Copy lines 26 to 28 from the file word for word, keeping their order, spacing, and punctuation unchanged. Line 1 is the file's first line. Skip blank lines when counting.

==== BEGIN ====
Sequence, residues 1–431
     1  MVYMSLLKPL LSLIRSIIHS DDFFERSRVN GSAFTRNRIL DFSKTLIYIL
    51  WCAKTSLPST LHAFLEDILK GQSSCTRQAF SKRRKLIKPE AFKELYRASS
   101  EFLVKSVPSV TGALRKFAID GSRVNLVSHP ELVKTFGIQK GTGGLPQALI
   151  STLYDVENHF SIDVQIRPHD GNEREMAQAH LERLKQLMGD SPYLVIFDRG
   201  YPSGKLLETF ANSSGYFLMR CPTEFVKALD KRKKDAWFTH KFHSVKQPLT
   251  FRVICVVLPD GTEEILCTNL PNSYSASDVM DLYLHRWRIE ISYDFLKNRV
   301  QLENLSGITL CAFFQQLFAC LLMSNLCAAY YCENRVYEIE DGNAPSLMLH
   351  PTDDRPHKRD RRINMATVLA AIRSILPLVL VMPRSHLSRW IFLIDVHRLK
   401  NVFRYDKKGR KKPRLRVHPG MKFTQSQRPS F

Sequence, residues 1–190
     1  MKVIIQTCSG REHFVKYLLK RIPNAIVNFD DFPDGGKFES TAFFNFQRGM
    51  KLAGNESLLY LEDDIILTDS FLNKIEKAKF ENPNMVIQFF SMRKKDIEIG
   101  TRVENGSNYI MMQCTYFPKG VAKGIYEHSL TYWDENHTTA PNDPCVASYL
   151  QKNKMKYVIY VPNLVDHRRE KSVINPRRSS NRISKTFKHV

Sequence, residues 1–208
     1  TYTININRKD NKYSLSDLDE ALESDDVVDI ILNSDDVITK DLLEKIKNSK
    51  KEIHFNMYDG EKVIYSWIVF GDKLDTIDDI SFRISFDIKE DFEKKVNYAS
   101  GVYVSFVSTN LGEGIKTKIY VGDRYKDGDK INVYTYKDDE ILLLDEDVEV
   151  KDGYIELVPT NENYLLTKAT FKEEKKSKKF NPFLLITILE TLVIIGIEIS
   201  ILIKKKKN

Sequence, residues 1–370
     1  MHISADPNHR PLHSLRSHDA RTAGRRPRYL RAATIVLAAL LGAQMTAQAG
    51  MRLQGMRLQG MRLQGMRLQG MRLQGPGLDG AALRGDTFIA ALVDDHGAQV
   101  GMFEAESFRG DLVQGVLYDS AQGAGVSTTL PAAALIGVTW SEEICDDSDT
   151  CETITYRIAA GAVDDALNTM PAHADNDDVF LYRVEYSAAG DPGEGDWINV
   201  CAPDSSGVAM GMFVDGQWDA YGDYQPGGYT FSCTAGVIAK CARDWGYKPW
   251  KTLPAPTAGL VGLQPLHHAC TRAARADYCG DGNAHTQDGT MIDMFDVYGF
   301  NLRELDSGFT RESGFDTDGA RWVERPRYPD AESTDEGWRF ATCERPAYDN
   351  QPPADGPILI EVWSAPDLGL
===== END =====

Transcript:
   151  CETITYRIAA GAVDDALNTM PAHADNDDVF LYRVEYSAAG DPGEGDWINV
   201  CAPDSSGVAM GMFVDGQWDA YGDYQPGGYT FSCTAGVIAK CARDWGYKPW
   251  KTLPAPTAGL VGLQPLHHAC TRAARADYCG DGNAHTQDGT MIDMFDVYGF